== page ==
Thanks! -Matt

Some simple diagnostics- Start car, tug on/wiggle main cables to battery. Does it hiccup? Turn off car, loosen battery retainer so you can slightly rock the battery itself. Start car, rock battery, see if it hiccups. Check chassis ground. It’s often on the fender next to the battery. Follow the black conductor… Check main power connection to underhood fuse panel. You may need to spend a bunch of time with the car idling and wiggling various electrical harnesses just to rule them out. I would also find the engine control computer and check the connector to that…

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I strongly suggest that you have the alternator’s output tested A.S.A.P., as the symptoms that you report are consistent with alternator diodes that are failing. By tomorrow, you could wind up with an inoperative car.

VDC, if my alternator dies, wouldn’t the car run off of the battery until the battery also dies?

Do you have like a ton of keys on the keychain? try driving it with ony 1 key in the ibnition and see if that helps

Yes, but that could be an extremely short period of time, depending on how many accessories are being used at the time of alternator failure, and–of course–depending on the condition of the battery. When the alternator on my '97 Outback died one winter morning while I was driving to work, the battery was only able to power the ignition system for about 15 minutes, and then I wound up stranded on the side of The Garden State Parkway.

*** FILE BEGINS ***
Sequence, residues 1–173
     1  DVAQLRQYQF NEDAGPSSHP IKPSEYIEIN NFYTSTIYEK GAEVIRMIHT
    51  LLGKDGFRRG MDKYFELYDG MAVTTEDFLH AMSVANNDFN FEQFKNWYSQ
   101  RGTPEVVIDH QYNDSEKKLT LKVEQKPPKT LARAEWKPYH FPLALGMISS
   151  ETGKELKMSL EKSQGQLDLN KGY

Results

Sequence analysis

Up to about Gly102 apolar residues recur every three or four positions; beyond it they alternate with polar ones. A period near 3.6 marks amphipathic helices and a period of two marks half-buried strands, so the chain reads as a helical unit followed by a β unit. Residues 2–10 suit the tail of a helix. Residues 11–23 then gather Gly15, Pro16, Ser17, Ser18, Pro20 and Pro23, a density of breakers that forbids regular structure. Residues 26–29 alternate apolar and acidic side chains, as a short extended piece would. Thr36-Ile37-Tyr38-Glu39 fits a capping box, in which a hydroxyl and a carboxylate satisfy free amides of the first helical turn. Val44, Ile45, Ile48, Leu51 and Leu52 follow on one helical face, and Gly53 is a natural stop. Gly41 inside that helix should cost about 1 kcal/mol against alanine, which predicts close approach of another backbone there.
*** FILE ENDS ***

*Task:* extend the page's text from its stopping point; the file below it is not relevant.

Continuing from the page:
Typically on a car/ engine this size you’ll get about 10-15 highway miles before the battery runs out if everything unnecessary is turned off and it’s daytime out (no headlights needed). But I strongly recommend against relying on this as a “buffer”. That’s based on real but limited experience with an alternator dying dead.

I agree with the recommendation to get the alternator load tested. As VDC said, the symptoms are typical of a failing diode. If you and your wife lack an AAA membership, now would be a good time to get one.

This type of failure often won’t store a fault code, but it wouldn’t hurt to check for a stored code anyway.

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Since your radio is not wired through the ignition switch, your intermittent dying cannot be caused by the ignition switch.

I suspect you have a bad ground problem. I had a 98 Oldsmobile that grounded the battery to the fender right under the battery. The permanent fix was to run a ground cable from the battery to the engine block.

I would start by ren\moving all the battery cables and cleaning both ends and where they mount. While you have them off, bend the cables and see if you feel wires breaking inside.

@oldimer_11 My radio stays on after I turn off the car until I open a door, so I am not convinced of your conclusion.

However, it doesn’t work that way on Subarus.
Once you turn off the ignition, the radio and all other accessories are shut down.
Subaru doesn’t use “retained power”, even though some other mfrs do use it.

Valid point…